Three great weekend reads:
A newspaper averts its gaze - In this week's Chicago Reader, media columnist Michael Miner revisits the story of Malachi Ritsher, the 52-year-old who set up a video camera at the Ohio Street off-ramp to capture his self-immolation in what he intended to be a protest against the war in Iraq. The story was covered extensively both on the web and by traditional outlets all the way to Le Monde in Paris, but was completely ignored by the Chicago Tribune. In covering both the ethics and evasions of the Trib, and Ritsher's own complex, often troubled life, Miner creates a probing, provocative snapshot that reverberates beyonds its intimate frame, towards an epic portrait of the tragic disconnects of our time.
A cautionary tale for the CSO? - Chicago Symphony Orchestra President Deborah Card, mired in an ever-lengthening search for a replacement for departed music director Daniel Barenboim, must be getting the heebie-jeebies from the troubles of Christopher Eschenbach, the conductor who headed up the Ravinia Festival for several years before being named music director of the Philadelphia Orchestra in 2003. A Wednesday story in the New York Times by music critic Anthony Tommasini details how Eschenbach's relationship with the orchestra began to sour soon after his appointment, with orchestra members leaking complaints to the press that included a claim that the conductor "has gotten lost during performances." He recently announced his resignation, effective in 2008, when his five year reign will become the shortest in the orchestra's history. Fortunately, the CSO players appear to love their two current provisional co-leaders, Pierre Boulez and Bernard Haitink, but it's important to remember that love is not all. Neither Fritz Reiner or Georg Solti were touchy-feely personalities, but they presided over two of the most glorious periods of the orchestra's history. Love is a bonus; respect a necessity.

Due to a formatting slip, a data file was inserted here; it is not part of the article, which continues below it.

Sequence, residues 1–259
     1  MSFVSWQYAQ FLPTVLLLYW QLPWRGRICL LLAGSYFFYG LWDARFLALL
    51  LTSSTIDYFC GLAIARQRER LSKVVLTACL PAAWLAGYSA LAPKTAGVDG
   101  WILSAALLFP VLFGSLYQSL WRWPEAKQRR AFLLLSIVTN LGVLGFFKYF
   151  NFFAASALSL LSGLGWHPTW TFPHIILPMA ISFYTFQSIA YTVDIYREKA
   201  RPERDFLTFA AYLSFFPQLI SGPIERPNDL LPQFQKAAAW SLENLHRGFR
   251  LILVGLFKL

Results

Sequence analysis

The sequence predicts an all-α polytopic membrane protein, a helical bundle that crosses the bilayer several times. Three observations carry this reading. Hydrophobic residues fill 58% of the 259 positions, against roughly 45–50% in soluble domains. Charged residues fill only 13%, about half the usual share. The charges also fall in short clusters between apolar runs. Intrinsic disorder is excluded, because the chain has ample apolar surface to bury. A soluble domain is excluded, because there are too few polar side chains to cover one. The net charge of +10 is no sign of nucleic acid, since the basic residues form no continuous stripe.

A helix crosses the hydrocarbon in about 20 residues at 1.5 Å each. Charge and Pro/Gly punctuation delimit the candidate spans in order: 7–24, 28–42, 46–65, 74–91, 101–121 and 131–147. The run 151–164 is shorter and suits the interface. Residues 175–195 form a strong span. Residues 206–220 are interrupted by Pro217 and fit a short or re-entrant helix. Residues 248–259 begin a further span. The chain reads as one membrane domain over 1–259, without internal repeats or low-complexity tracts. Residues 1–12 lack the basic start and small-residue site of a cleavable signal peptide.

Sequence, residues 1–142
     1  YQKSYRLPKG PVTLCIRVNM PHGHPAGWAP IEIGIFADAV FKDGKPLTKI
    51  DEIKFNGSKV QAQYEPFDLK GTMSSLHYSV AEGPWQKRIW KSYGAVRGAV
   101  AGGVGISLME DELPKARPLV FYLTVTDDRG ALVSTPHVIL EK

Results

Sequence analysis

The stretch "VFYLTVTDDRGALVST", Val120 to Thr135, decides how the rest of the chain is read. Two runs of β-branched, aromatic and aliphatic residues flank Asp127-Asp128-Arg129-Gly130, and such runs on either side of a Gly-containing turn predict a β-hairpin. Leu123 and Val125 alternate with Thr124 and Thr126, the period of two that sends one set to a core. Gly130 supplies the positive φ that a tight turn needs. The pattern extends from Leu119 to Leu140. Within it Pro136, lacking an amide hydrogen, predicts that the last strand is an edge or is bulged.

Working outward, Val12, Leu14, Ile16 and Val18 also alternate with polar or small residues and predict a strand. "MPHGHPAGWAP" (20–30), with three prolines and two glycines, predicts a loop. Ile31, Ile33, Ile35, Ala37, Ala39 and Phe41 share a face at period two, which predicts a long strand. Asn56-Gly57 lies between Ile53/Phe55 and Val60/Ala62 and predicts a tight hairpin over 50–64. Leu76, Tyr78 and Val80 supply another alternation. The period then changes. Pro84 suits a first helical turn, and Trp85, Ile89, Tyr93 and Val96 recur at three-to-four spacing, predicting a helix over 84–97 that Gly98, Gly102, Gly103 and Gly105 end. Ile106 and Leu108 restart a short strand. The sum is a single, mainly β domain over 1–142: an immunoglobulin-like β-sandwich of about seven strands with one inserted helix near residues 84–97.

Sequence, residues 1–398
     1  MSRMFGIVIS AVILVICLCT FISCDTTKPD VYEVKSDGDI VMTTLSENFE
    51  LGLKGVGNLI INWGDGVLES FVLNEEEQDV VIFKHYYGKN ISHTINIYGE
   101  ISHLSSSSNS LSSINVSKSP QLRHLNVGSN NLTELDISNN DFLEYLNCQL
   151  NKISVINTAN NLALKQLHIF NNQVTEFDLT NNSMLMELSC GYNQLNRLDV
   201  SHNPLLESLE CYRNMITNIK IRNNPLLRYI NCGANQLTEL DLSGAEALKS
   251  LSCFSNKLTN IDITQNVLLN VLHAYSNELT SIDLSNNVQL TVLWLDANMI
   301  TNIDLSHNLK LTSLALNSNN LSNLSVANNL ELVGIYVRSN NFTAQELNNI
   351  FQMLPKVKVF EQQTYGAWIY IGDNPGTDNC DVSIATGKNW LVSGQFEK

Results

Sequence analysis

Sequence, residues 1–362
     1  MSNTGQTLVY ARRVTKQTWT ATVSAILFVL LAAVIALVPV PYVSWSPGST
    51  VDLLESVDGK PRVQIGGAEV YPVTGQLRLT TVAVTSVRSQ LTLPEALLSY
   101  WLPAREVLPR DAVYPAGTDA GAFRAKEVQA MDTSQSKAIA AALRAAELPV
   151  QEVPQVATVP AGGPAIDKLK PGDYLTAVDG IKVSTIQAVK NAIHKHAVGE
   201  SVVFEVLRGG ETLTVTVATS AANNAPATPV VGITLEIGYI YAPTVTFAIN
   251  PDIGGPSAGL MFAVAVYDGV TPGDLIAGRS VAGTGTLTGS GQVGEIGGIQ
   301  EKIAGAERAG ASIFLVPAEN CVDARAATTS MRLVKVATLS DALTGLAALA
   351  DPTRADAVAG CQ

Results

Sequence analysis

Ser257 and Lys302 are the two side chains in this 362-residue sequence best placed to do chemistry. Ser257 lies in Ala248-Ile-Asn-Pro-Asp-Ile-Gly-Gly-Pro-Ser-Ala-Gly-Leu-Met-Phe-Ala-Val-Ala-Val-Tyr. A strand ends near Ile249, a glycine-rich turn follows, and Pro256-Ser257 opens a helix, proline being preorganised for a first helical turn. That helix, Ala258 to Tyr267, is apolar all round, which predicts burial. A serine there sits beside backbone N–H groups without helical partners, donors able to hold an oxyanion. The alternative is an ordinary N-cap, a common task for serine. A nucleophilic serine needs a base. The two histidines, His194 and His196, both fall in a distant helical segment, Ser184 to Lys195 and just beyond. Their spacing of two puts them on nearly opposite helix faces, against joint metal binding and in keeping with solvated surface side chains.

Microsoft against itself - Business Week's current cover story profiles Microsoft's J Allard, the hotshot tech guru and "brash team leader" behind the company's new Zune music player. The magazine plays up the story as the awakening of Microsoft from its self-absorbed slumber, but other reports portray a company still unable to escape its nature, that doesn't enable reformers so much as reprogram them. Reaction to the Zune has often been toxic, from cNet's Molly Wood's description of it as "the wrong answer to the iPod at the wrong time," to Sun-Times tech writer Andy Ihnatko's scathing judgement of the Zune as " a product that's so absurd and so obviously immune to success that it evokes something akin to a sense of pity," and the experience of using it "about as pleasant as having an airbag deploy in your face." When it comes to choosing between the desires of the consumers to which it actually pitches its products, and the demands of music publishers, corporate lawyers, and its own compulsive need for absolute control, the consumer gets short-shrifted almost every time. The true soul of Microsoft remains CEO Steve Ballmer, who, like the alcoholic always promising he'll never touch another drop, is again claiming that the unending delays in getting Vista, the latest in a long line of ever-more bloated operating systems, to market "will never happen again", even as he shoots up with his other major addiction, FUD (Fear, Uncertainty and Doubt), by declaring that companies foolish enough to insist on choosing Linux over Microsoft's own products face "an undisclosed balance sheet liability" from secret Microsoft "gotcha" patents that he claims - completely devoid of disclosed evidence - that Linux infringes.